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“Is 90% of the mobile games market just companies paying each other for ads space, circulating one heavily-worn $20 bill back and forth between them while venture capital dollars keeps the whole enterprise from exploding?”

I’m SO glad I’m not the only one who suspects this! It’s like an ouroboros of greed and mora decay

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You know, it's funny. I read a different Substack that recently discussed how hard it is to have a game to reliably come back to. I don't know how relevant they are, but I'll share the links.



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I'm surprised that in an article about ads for mobile games you never mentioned the ads which are straight up lies. There are a ton of mobile game ads which are for entirely different games than they show.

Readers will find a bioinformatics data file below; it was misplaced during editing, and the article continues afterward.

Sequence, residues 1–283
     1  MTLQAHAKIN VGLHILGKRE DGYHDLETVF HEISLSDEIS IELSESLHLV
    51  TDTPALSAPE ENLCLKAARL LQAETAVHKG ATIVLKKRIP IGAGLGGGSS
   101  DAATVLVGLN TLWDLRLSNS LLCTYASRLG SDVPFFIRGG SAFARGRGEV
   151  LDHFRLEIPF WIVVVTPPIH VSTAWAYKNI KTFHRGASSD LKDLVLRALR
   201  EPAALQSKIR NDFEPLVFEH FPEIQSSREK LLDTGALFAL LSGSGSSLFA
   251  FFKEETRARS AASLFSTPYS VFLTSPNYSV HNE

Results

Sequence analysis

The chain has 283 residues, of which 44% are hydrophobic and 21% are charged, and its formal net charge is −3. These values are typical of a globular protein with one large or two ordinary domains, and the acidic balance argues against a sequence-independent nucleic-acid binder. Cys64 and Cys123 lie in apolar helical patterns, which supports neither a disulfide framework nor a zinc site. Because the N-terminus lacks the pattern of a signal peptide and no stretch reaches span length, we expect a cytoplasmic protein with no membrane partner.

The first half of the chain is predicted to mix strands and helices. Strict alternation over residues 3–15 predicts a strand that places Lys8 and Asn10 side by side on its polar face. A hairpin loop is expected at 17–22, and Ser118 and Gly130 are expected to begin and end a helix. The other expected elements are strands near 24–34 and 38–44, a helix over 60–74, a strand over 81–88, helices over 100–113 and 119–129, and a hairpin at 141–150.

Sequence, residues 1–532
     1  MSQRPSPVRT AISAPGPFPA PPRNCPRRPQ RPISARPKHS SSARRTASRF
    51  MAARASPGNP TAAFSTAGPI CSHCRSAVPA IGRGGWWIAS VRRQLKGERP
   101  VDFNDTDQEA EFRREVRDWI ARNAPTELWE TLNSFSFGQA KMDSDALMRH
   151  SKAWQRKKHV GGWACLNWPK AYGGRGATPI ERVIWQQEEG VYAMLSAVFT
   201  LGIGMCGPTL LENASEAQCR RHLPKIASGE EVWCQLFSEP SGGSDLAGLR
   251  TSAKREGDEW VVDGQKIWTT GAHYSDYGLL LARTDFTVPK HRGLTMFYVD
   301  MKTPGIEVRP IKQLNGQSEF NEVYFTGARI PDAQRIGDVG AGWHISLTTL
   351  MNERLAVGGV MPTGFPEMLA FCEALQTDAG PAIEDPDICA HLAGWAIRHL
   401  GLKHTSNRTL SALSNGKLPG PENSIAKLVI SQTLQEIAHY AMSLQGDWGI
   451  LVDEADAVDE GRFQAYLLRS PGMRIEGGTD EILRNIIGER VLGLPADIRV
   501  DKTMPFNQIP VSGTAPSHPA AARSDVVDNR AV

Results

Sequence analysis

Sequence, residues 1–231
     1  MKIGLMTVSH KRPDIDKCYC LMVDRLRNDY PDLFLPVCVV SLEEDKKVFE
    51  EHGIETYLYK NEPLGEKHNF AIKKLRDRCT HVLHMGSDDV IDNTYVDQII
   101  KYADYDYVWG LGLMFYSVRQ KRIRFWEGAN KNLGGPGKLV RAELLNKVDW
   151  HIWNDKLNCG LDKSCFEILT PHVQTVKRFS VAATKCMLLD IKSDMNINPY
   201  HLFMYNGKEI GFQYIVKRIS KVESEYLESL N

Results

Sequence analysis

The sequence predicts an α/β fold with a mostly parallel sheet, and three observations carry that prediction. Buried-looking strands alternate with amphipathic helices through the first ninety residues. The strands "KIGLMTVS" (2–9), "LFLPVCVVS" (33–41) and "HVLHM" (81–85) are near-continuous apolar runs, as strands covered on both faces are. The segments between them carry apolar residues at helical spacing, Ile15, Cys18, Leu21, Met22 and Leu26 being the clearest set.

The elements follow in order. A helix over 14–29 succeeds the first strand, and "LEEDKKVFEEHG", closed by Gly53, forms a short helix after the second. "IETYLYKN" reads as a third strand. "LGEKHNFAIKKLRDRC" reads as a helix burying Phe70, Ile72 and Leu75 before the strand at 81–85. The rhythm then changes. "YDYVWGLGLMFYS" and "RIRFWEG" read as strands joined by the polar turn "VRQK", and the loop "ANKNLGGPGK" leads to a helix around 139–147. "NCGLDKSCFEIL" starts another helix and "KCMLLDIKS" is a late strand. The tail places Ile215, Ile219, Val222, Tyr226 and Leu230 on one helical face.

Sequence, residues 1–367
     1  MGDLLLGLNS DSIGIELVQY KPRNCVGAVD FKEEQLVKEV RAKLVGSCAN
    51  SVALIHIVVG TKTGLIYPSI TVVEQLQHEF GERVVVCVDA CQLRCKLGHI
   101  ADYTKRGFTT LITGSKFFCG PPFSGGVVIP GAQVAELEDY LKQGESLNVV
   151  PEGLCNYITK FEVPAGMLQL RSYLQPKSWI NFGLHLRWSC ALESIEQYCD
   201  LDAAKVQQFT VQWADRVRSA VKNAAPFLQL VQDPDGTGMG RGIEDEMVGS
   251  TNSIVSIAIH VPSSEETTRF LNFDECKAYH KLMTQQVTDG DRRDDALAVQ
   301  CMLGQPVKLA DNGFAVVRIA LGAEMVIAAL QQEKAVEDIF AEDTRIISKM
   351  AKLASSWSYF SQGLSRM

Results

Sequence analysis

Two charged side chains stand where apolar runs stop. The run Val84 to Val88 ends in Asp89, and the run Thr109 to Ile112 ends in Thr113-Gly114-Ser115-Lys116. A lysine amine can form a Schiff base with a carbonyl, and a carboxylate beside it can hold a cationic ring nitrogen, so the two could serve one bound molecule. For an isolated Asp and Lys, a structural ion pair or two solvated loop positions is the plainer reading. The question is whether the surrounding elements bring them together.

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I have a friend that loves to play streaming games through Stadia on his phone. The platform is for a fleeting ride in the gaming business and the catalogue isn't noticeworthy IMO. But by the sheer amount of games He has been playing, I suppose He's getting a good value for his money.

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Diablo Immortal getting banned in China is proof positive that there is some justice in the world.